Owhyhee's Prodigal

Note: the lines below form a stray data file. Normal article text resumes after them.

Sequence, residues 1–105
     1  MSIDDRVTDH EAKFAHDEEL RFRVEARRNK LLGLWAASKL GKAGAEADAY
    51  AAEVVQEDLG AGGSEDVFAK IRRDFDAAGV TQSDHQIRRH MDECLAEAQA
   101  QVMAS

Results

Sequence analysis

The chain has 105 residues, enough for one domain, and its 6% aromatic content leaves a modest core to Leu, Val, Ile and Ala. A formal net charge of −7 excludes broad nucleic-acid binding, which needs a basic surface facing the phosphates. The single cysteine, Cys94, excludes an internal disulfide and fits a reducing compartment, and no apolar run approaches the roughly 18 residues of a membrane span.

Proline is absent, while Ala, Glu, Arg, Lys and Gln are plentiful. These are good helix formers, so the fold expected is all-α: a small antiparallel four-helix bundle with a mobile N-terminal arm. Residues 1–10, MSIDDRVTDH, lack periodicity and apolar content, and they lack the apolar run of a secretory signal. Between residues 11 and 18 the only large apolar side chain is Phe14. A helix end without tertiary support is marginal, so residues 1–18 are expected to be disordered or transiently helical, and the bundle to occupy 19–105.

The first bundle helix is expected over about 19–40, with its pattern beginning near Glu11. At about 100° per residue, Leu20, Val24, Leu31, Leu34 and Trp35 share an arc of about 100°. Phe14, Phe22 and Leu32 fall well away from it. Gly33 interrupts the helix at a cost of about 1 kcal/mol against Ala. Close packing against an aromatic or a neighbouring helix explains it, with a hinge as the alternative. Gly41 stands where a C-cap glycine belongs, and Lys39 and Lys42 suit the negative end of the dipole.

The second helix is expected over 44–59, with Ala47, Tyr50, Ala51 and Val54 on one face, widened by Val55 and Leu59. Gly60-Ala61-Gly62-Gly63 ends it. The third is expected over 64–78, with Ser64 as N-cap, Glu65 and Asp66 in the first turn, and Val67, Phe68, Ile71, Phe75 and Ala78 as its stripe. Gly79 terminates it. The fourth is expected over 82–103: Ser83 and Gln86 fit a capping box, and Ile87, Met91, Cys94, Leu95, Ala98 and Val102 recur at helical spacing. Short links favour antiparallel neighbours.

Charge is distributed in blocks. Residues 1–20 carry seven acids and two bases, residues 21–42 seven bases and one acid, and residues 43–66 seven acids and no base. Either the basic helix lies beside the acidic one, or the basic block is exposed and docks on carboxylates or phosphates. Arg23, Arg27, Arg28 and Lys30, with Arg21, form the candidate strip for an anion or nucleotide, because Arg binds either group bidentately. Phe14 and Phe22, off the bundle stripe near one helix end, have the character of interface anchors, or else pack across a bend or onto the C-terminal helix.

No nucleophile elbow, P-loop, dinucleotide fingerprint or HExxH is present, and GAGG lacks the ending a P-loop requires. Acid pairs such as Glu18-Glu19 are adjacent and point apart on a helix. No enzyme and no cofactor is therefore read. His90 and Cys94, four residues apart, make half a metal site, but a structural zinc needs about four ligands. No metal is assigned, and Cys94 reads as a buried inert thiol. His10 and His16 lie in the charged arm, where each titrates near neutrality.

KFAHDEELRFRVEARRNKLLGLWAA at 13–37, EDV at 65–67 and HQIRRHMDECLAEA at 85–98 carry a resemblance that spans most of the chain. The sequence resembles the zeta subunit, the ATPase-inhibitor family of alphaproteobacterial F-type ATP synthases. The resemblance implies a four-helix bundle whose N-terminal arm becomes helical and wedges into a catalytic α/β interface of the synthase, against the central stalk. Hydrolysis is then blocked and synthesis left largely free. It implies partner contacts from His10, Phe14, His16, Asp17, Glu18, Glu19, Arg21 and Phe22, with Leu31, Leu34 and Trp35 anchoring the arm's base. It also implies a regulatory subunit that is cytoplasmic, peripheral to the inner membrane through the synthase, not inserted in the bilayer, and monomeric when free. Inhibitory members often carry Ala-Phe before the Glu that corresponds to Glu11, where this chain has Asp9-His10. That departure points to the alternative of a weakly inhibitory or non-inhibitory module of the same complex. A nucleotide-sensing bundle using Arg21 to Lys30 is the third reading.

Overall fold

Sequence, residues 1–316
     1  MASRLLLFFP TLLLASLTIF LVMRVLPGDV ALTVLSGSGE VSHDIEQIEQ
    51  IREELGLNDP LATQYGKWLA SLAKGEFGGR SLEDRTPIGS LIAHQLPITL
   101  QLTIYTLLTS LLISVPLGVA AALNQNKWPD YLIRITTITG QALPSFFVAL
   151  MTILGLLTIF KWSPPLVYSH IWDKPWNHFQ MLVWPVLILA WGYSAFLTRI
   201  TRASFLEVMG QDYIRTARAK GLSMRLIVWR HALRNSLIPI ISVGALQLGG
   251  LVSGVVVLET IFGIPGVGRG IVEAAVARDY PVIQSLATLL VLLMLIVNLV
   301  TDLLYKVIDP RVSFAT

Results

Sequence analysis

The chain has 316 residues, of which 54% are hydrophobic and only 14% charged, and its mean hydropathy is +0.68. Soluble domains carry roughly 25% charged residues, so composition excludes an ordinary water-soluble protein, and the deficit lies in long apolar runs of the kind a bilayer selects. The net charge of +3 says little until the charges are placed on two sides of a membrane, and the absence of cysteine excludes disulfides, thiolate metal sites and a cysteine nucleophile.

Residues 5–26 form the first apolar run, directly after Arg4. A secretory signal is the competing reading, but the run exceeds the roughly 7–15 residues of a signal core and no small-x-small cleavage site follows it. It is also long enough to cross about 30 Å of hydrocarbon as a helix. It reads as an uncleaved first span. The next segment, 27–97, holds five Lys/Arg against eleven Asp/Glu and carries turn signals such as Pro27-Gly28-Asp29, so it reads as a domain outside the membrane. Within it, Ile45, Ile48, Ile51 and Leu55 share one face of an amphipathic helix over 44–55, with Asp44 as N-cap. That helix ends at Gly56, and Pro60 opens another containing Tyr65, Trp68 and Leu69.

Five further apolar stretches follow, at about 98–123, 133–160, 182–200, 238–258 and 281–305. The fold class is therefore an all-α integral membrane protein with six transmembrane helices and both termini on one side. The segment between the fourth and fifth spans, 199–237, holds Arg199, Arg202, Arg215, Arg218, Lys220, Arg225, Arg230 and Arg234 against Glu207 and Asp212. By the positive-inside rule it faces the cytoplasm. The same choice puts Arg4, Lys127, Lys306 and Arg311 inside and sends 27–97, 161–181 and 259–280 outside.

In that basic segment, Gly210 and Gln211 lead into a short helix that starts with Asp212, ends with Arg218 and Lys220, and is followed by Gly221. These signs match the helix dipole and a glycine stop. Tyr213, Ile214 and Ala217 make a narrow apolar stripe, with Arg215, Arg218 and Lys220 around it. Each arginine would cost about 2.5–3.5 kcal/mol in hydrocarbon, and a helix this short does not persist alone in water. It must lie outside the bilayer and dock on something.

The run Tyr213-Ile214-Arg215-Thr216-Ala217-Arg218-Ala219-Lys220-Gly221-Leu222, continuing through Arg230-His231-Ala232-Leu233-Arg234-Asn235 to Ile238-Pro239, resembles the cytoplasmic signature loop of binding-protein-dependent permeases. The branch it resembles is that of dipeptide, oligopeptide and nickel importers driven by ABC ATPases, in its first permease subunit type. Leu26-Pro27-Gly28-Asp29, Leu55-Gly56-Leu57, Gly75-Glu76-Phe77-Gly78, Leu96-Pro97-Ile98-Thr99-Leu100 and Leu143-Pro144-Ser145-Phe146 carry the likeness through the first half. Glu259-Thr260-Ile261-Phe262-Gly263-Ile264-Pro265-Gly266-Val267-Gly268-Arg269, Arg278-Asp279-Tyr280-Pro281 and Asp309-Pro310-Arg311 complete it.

Tags: Honolulu, Sandwich Islands, Kanui, Damon, Hawaii, Chaplain Damon, William Kanui, Prince George, Reverend Damon, California, Kauai, King Kamehameha, Reverend Sheldon Dibble, San Francisco, Sheldon Dibble, Hunnewell, Sandwich Island, Samuel Chenery Damon, James Hunnewell, Hiram Bingham, Samuel Damon, Foreign Mission School, native Hawaiians, Hawaiian Mission Children's Society Library, missionary efforts, Henry Obookiah, pioneer mission, Missionary Company, Henry Opukahaia, William Tennooe Kanui, Honolii, John Honolii, Thomas Hopu